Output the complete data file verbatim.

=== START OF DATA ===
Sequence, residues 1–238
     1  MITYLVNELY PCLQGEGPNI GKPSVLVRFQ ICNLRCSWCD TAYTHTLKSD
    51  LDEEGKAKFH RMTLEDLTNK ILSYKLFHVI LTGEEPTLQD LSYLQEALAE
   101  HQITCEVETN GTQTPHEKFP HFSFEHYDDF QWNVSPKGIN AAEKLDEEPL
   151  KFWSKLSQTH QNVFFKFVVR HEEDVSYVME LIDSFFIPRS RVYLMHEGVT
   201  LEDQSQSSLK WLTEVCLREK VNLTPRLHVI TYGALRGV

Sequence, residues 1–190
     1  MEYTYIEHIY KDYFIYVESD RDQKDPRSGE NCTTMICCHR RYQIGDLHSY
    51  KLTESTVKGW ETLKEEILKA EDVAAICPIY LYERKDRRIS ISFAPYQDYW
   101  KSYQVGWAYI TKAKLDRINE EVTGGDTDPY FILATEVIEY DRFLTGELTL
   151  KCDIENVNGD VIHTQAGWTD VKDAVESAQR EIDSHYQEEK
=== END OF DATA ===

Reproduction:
Sequence, residues 1–238
     1  MITYLVNELY PCLQGEGPNI GKPSVLVRFQ ICNLRCSWCD TAYTHTLKSD
    51  LDEEGKAKFH RMTLEDLTNK ILSYKLFHVI LTGEEPTLQD LSYLQEALAE
   101  HQITCEVETN GTQTPHEKFP HFSFEHYDDF QWNVSPKGIN AAEKLDEEPL
   151  KFWSKLSQTH QNVFFKFVVR HEEDVSYVME LIDSFFIPRS RVYLMHEGVT
   201  LEDQSQSSLK WLTEVCLREK VNLTPRLHVI TYGALRGV

Sequence, residues 1–190
     1  MEYTYIEHIY KDYFIYVESD RDQKDPRSGE NCTTMICCHR RYQIGDLHSY
    51  KLTESTVKGW ETLKEEILKA EDVAAICPIY LYERKDRRIS ISFAPYQDYW
   101  KSYQVGWAYI TKAKLDRINE EVTGGDTDPY FILATEVIEY DRFLTGELTL
   151  KCDIENVNGD VIHTQAGWTD VKDAVESAQR EIDSHYQEEK